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Steam Radiator PSI too high?

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datawaym8
datawaym8 Member Posts: 33
We have a Burnham steam boiler that supports 4 units. Each unit has 3-4 radiators.
I believe the current PSI is set to 3. Sometimes, the pressure can go as high as 10 according to the pressure gauge. See pictures for the PSI setting and gauge. Is this normal?

I also want to point out that a couple of our radiators air vent have been making hissing noises and one spits water. The one that spits water we intend to replace the vent. I also can hear water boiling sound in a couple of the radiators during the first 20 min or so when radiator kicks on.

This is my first home with steam radiator and it's driving me insane.





Comments

  • neilc
    neilc Member Posts: 2,707
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    yup, 10 is bad,
    Ptrol is set too high,
    and pigtail is likely plugged,

    dial the indicator to the bottom, counterclockwise on that screw head on top above the scale, gently,
    don't go past the point of resistance or inside linkage may disconnect,
    if by chance the boiler does not start, and after checking the pigtail, you may have to raise the indicator just a turn or 2 so burner will restart reliably,

    under the grey cover there is a white wheel, it should be set to 1,

    the pigtail is the looped pipe under the Ptrol,
    your's looks to be steel, not ideal as they tend to plug more easily,
    you need to check it that it is clear, and that you can blow thru it, all the way back into the boiler, so the Ptrol can see the boiler pressure,

    turn the boiler off, remove the wires from the Ptrol, (take a picture of where they are landed),
    using the flats under the Ptrol, unscrew from the pigtail, blow thru the pigtail,
    can you?
    if not, you need to poke, prod, snake, and remove the junk from the pigtail,
    you may remove the pigtail and go at it from both ends,
    or replace it with brass(best),
    still need to blow thru to boiler, sometimes the connecting port will clog also,
    before reinstalling Ptrol, prime the pigtail with a little water, 1/4 cup will do ya,
    known to beat dead horses
  • datawaym8
    datawaym8 Member Posts: 33
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    neilc said:

    yup, 10 is bad,

    In the meantime, can i still use the radiator until i fix it?
    neilc said:


    Ptrol is set too high,
    and pigtail is likely plugged,

    By Ptrol, you mean pressure/psi?
    What do you mean pigtail is plugged.
  • Jamie Hall
    Jamie Hall Member Posts: 23,433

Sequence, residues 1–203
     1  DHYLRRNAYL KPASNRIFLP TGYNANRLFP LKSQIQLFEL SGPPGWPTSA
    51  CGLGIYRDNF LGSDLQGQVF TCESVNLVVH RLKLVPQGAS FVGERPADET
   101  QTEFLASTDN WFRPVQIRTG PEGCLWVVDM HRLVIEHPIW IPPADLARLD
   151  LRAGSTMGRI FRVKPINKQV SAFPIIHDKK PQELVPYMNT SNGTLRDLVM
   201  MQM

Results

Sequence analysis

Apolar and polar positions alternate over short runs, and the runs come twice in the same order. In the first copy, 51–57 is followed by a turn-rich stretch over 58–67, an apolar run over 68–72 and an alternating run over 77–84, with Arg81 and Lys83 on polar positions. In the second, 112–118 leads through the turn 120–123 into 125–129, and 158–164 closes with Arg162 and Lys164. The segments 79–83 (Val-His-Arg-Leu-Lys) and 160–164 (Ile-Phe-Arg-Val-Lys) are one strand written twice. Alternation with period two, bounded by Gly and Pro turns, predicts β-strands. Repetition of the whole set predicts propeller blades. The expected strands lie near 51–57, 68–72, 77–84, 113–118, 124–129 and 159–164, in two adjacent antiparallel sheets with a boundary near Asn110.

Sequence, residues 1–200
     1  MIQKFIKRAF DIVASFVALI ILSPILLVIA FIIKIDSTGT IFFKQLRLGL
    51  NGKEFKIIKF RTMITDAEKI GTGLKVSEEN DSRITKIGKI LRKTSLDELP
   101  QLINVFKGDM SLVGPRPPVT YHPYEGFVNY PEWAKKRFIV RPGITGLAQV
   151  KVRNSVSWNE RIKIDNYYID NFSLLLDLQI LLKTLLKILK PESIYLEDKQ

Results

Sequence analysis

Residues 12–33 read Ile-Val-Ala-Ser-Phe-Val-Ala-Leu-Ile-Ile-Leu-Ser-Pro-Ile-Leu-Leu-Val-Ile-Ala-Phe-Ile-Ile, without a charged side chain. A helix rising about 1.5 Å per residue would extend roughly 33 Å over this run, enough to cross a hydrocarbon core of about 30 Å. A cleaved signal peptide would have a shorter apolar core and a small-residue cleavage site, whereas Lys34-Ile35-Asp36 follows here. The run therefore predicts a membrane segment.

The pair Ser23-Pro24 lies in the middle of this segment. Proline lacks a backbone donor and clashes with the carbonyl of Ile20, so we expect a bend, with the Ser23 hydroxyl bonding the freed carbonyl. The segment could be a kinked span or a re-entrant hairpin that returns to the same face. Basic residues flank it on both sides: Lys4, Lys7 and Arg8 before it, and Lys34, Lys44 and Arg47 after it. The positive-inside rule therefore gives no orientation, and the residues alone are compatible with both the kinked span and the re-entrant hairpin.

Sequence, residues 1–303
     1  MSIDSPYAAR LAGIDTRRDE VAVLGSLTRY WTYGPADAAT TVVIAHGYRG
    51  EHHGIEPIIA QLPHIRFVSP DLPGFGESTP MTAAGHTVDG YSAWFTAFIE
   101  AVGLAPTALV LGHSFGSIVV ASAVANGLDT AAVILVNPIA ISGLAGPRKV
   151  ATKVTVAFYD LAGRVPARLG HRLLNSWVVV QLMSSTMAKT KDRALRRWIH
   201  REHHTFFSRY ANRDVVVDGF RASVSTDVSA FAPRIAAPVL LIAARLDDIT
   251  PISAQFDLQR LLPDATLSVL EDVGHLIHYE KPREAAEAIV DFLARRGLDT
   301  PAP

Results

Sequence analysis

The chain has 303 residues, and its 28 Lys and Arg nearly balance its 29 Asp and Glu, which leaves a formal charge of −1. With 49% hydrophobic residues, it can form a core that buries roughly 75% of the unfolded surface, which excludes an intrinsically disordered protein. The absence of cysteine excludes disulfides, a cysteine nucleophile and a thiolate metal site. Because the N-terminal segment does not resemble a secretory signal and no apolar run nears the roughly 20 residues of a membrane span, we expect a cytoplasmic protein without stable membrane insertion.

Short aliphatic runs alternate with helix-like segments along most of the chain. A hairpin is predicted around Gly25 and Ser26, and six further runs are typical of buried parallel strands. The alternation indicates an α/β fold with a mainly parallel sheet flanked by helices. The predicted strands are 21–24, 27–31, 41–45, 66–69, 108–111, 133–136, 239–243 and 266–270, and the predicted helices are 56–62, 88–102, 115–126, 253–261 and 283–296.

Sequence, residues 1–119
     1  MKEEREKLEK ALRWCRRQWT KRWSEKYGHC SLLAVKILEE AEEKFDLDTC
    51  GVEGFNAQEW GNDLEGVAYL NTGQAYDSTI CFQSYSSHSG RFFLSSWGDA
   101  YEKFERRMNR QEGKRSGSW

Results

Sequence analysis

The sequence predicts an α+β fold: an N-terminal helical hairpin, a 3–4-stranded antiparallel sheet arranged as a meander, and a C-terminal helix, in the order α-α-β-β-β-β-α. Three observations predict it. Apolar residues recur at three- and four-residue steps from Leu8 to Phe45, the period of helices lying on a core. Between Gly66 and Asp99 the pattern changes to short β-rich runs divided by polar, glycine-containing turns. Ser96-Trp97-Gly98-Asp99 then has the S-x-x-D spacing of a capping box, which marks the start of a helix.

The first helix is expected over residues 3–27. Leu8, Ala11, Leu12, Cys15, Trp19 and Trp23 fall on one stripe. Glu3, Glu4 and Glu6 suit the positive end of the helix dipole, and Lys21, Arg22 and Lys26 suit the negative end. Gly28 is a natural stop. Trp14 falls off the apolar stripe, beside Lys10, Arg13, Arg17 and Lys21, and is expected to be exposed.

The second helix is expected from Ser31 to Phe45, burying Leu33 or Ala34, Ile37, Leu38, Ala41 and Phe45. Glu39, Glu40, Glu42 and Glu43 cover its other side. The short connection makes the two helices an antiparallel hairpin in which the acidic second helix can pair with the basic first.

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    Ptrol -- that's the pressuretrol, the grey box in the first picture. What is wanted is to dial that indicator on the front down to just barely above the 05 mark. It's set at about 3 now, which is too high.

    The fact that the boiler gets up to 10 on occasion on the none too accurate pressure gauge indicates that the pressuretrol isn't seeing the boiler pressure and thus isn't able to control the boiler. It's also why the vents hiss and occasionally spit. Lowering the pressure should help a lot -- but, sadly, it is possible that running on such high pressure may have damaged them and they may need to be replaced.

    The pigtail is the curly pipe to which the pressuretrol is attached. It's very likely to be plugged, and may well be plugged all the way back into the boiler. It needs to be really free and clear.
    Br. Jamie, osb
    Building superintendent/caretaker, 7200 sq. ft. historic house museum with dependencies in New England
  • datawaym8
    datawaym8 Member Posts: 33
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    Thank you @Jamie Hall and @neilc. I will try and report back.
  • datawaym8
    datawaym8 Member Posts: 33
    edited November 2021
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    I took out the pigtail. There was nasty build up. Cleaned it thoroughly. There were also some build up inside the boiler pipe too so that was also cleaned. The PSI level was adjusted to just a bit above 0.5 and the white wheel is set to 1 as seen in the photo.

    Two concerns.

    1. The boiler was able to run fine for 30 mins then PSI went up to like 6-7. What else could be the problem?

    2. Then the boiler stopped running like it had reached the target temperature but when I looked at the thermostat, it hasn't. Less than a min later, it started back up again. I don't know the time gap but it happened again later I went down to check on the boiler. Is this behavior normal?


  • neilc
    neilc Member Posts: 2,707
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    #1
    6 and 7 is still too high, you're aiming for 2, tops, 1.5 is better

    Jamie is more conservative than I am,
    and Ptrols are notoriously, not precise,
    I see room to lower that indicator more, try half way more to the bottom,
    is there any chance the differential wheel is spun past 5, and around to 1 again?
    that math might get you up to the 6/7 range,
    see if it turns straight to 5, the 4, the 3, , , , to 1,
    don't force the wheel, there are definite stops on it,
    BTW, that wheel, differential wheel, is the # added to the scale "cut In", to set your "cut out"

    we all should have mentioned,
    there's a small hole at the bottom of the Ptrol,
    that can gunk up also, did you check that, and clean?

    were you able to blow thru the pigtail freely?
    including back to the boiler?

    #2
    might be ok,
    if it's the Ptrol working for you,
    while it was starting and stopping, did you notice any slight click at the Ptrol microswitch?

    or is your stat or a low water cut off?
    did you notice water leaving the sightglass and returning? the higher pressure may have pushed water out of the boiler
    known to beat dead horses
  • EBEBRATT-Ed
    EBEBRATT-Ed Member Posts: 15,616
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    @datawaym8

    The pressure controls job is to keep the boiler from building too much pressure. Steam systems like yours are designed to run at 2 psi maximum (a little lower is better)